Dr Julian Cook's science laboratory

04-04-11

PEOPLE are terrified of nuclear reactors again. As always this is based on ignorance, but in reality we have nothing to fear. And that’s because reactors are a lot like Duran Duran.

Very bad for the sea

The workers at Fukushima are having an awful time with their radioactive chemicals. My ‘O’ level chemistry teacher was a brilliant man who inspired many a young buck in his day, but present him with an overhead projector and he became a senile old fool. That’s the problem with nuclear fission: professors can lecture you silly about iodine but if you try to get one to operate the Sky Plus remote, they become orang-utans who’ve been given a gram of ketamine and instructed to send a text message.

Back in the 1980s, I could almost have been a member of Duran, with my frequent trips to the Far East and the real love I felt for Jane Fonda. It was around this time I was lucky enough to visit one of the earliest nuclear fusion reactors. Before it had been finished, I put my ear to one end and asked my friend Dr Bussard to sing Save a Prayer down it. I don’t know what it was about that vacuum chamber but he sounded magical – like the real thing. I knew then that fusion was special and fission was yesterday’s news.

As a fission reactor, Fukushima is like Simon Le Bon. He’s been forcing himself upon us for decades and brings with him all manner of suspicious sounding items such as uranium. All this time, we thought it was best for us. But then we thought about nuclear fusion and saw it was just like Nick Rhodes. It’s a much more appealing alternative: safer yet fancier – and no dye in its beard. Nuclear fusion doesn’t need Le Bon’s hazardous baggage.  All it needs is deuterium.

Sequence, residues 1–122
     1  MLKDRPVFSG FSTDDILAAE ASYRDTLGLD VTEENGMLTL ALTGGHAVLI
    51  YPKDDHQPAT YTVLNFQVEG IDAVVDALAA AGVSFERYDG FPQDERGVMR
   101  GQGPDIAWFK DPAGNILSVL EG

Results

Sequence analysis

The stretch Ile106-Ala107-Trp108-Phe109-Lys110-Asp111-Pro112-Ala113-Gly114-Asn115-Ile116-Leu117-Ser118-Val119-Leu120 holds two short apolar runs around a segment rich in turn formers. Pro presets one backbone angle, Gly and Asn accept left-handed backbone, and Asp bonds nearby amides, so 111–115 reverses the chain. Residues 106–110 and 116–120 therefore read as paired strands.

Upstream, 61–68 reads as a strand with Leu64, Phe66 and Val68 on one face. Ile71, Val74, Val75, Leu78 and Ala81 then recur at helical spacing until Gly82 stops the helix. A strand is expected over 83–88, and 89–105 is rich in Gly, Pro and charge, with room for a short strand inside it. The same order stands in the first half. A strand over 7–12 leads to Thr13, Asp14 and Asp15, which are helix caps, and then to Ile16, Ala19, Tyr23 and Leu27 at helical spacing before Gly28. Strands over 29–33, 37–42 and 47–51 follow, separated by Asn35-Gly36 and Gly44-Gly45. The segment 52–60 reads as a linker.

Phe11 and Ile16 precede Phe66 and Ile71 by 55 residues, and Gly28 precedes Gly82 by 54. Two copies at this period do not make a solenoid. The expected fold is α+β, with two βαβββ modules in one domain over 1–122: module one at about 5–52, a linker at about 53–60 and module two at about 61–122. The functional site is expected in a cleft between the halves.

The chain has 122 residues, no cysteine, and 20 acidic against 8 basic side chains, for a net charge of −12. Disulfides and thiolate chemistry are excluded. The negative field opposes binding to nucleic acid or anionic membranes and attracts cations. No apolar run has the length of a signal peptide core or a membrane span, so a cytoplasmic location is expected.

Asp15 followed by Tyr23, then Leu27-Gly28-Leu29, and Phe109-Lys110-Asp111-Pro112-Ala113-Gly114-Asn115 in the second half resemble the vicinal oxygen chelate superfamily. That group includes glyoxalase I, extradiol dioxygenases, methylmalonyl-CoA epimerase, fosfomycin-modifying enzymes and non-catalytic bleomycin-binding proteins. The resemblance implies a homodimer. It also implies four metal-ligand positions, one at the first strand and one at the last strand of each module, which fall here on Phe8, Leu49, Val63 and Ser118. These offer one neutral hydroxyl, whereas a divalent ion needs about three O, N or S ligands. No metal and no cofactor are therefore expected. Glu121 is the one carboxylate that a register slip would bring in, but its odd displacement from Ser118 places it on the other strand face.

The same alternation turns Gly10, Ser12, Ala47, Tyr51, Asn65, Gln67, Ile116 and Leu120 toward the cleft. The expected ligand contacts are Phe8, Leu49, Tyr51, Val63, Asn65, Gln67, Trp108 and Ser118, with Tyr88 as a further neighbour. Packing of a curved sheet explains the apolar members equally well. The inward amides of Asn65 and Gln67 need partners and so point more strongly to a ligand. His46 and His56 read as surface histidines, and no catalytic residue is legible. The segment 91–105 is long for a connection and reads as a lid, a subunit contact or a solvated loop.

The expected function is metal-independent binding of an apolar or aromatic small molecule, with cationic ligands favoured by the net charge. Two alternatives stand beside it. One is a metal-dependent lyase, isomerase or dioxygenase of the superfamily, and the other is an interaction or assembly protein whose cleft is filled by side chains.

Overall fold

And what’s deuterium? Well, if you’ve ever scoffed ‘stupid dirty sea! I can’t drink you! You claimed Shelley Winters and cover birds in crude oil’ then you’ll be pleased to hear that the sea is full of useful deuterium.  Aside from making Dr Bussard sound stupendous; the fusion reactor also fuses deuterium to release power.

So if you thought you could get along without Nick Rhodes just like you could without the sea, think again. There could even be a future for him in nuclear physics. I know a certain fusion-loving professor from Manchester whose eminent career began when he too tinkled his ivories and wowed audiences with beguiling haircuts. I’m sure he’d provide some gentle coaching to Rhodes, should he ever question his career move.  I know he was a rock for Professor Brian May.

Imagining Duran Duran without keyboards is ghastly enough. If we don’t embrace nuclear fusion, we’ll soon be listening to them without electricity and then we’ll see who’s dancing in the sand?  

Dr Julian Cook is a senior research fellow at the Institute for Studies
 

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